Vaccine Status as a Prohibited Ground?
However, my prediction is that a right-leaning government in Canada (Alberta, Saskatchewan, Manitoba, Ontario come to mind, as well as a federal Conservative government were that party to win an election somehow) will soon consider amending human rights legislation to make it explicit that discrimination against a worker on the basis of their vaccine status is prohibited by human rights legislation. It would not surprise me if I need to update this Chart from my Law of Work text again before the 3rd edition to add this new ground.
Introducing “vaccine status” into human rights legislation will be welcomed with open arms by the anti-vaccine, anti-mandate crowd that conservatives hope to woo, and as Canada moves towards opening up and relaxing mandates (Saskatchewan and Alberta have already announced this move) in its shift towards “living with COVID”. Legislating an end to “vaccine discrimination” seems like an obvious step that conservatives might take. It would prevent employers from asking about vaccine status or from discriminating against anyone who is or who is not vaccinated. An employer that fired an employee for not being vaccinated would need to fit itself into a bona fide occupational requirement defence. An amendment like this might even get them onto Fox News and praise from that lunatic Donald Trump.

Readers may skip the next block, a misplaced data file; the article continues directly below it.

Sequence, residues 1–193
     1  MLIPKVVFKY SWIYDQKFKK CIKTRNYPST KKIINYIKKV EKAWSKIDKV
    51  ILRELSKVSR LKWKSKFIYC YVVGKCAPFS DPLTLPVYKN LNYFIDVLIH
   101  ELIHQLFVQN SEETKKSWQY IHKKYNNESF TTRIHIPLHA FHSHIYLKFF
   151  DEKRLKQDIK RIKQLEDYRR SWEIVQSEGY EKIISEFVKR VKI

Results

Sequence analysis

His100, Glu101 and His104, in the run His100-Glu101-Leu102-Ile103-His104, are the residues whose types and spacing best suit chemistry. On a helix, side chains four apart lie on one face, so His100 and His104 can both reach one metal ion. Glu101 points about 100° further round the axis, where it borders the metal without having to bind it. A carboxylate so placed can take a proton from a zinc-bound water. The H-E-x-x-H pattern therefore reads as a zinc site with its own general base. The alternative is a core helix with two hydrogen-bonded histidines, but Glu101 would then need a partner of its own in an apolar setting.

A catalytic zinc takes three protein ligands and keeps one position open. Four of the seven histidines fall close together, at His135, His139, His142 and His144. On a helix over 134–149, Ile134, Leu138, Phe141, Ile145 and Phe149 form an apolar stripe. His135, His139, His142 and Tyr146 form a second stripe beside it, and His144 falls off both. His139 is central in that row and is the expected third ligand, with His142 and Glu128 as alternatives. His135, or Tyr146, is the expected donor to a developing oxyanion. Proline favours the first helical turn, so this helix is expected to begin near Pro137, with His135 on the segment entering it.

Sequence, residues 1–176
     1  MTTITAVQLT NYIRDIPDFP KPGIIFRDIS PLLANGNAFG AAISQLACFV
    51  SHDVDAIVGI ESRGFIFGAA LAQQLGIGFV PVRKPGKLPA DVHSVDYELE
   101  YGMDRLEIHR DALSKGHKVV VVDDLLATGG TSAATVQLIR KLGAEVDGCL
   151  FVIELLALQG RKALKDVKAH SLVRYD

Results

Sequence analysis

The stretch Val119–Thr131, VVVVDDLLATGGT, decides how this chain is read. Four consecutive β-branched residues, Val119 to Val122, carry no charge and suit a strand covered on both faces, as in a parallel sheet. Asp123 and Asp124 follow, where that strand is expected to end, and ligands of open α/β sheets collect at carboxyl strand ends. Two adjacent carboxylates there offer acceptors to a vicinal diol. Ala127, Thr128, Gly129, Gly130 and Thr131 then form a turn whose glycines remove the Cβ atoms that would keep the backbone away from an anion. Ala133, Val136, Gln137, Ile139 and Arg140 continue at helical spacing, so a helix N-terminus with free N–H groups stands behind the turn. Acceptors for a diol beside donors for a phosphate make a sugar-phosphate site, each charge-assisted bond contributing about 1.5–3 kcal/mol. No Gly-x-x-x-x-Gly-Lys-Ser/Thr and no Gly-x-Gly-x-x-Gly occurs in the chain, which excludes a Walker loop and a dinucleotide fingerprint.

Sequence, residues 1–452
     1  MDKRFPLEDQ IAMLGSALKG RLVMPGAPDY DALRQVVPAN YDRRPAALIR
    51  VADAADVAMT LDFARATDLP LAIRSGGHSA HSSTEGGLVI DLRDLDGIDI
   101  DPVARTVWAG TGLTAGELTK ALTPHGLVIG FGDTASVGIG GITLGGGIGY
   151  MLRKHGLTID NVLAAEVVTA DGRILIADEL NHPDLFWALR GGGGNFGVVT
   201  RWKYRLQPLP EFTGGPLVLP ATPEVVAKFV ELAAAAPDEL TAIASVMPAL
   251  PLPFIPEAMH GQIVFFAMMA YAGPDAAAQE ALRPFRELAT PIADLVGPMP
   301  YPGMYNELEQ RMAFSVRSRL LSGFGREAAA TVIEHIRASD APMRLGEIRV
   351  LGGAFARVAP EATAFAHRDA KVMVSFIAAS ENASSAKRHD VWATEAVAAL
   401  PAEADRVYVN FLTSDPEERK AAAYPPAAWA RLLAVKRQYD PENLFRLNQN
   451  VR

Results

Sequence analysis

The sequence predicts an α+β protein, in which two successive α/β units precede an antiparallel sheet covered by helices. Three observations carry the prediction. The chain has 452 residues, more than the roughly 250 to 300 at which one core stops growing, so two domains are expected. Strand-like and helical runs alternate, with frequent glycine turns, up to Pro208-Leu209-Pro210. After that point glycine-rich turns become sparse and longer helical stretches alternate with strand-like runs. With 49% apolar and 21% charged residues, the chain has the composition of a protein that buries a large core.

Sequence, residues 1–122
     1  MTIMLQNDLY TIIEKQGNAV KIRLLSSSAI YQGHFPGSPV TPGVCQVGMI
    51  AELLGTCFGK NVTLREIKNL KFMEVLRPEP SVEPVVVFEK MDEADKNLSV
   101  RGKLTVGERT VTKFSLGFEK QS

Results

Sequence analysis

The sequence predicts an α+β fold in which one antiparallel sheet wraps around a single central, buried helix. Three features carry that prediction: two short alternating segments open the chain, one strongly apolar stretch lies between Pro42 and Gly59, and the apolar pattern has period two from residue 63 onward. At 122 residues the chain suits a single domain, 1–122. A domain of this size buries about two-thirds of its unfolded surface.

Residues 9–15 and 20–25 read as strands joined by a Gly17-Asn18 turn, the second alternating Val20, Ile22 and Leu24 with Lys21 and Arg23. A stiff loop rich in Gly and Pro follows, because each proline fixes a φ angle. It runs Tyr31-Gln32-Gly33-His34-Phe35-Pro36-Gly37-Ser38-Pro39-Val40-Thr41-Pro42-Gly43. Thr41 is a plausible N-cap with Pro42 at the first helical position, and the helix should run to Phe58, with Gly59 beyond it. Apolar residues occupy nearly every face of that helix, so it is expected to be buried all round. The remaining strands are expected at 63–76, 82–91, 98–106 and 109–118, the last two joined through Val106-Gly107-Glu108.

One problem with adding “vaccination status” to human rights legislation is that we don’t know what the next killer virus or variant will look like. If medical evidence were to show that vaccine status does not effect transmissibility of a virus and that unvaccinated people do not pose any greater risk to vaccinated people, then there is at least a certain logic to the argument in favour of prohibiting vaccine status discrimination. To be sure, there are strong countervailing arguments, such as the sensible public health policy goal of encouraging people to get vaccinated against deadly airborne viruses. However, if the evidence shows that unvaccinated people do pose a greater risk to the vaccinated, then it would be reckless for a government to force employers to welcome the unvaccinated into their workplace by making it unlawful for employers to weed them out.